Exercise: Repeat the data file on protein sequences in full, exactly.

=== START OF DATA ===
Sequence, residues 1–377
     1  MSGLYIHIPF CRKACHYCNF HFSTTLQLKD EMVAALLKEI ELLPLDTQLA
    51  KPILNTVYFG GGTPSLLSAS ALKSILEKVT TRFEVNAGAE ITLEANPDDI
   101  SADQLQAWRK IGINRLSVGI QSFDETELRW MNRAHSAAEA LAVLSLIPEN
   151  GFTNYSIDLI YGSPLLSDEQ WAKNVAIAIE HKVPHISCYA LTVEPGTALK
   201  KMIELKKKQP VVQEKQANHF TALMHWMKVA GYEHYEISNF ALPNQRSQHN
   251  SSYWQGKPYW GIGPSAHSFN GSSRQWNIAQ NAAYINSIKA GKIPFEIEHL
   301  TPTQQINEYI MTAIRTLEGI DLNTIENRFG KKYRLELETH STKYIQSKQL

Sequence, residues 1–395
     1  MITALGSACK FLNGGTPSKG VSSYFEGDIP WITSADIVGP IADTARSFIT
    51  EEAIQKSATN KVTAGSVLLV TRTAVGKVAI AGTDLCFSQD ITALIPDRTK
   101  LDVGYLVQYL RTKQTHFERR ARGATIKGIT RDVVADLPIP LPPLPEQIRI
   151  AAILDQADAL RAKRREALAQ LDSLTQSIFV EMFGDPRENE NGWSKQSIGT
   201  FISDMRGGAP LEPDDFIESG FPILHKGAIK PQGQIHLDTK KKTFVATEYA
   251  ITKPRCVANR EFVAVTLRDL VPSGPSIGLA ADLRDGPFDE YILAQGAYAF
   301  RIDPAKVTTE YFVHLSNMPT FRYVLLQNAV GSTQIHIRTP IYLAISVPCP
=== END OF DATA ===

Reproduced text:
Sequence, residues 1–377
     1  MSGLYIHIPF CRKACHYCNF HFSTTLQLKD EMVAALLKEI ELLPLDTQLA
    51  KPILNTVYFG GGTPSLLSAS ALKSILEKVT TRFEVNAGAE ITLEANPDDI
   101  SADQLQAWRK IGINRLSVGI QSFDETELRW MNRAHSAAEA LAVLSLIPEN
   151  GFTNYSIDLI YGSPLLSDEQ WAKNVAIAIE HKVPHISCYA LTVEPGTALK
   201  KMIELKKKQP VVQEKQANHF TALMHWMKVA GYEHYEISNF ALPNQRSQHN
   251  SSYWQGKPYW GIGPSAHSFN GSSRQWNIAQ NAAYINSIKA GKIPFEIEHL
   301  TPTQQINEYI MTAIRTLEGI DLNTIENRFG KKYRLELETH STKYIQSKQL

Sequence, residues 1–395
     1  MITALGSACK FLNGGTPSKG VSSYFEGDIP WITSADIVGP IADTARSFIT
    51  EEAIQKSATN KVTAGSVLLV TRTAVGKVAI AGTDLCFSQD ITALIPDRTK
   101  LDVGYLVQYL RTKQTHFERR ARGATIKGIT RDVVADLPIP LPPLPEQIRI
   151  AAILDQADAL RAKRREALAQ LDSLTQSIFV EMFGDPRENE NGWSKQSIGT
   201  FISDMRGGAP LEPDDFIESG FPILHKGAIK PQGQIHLDTK KKTFVATEYA
   251  ITKPRCVANR EFVAVTLRDL VPSGPSIGLA ADLRDGPFDE YILAQGAYAF
   301  RIDPAKVTTE YFVHLSNMPT FRYVLLQNAV GSTQIHIRTP IYLAISVPCP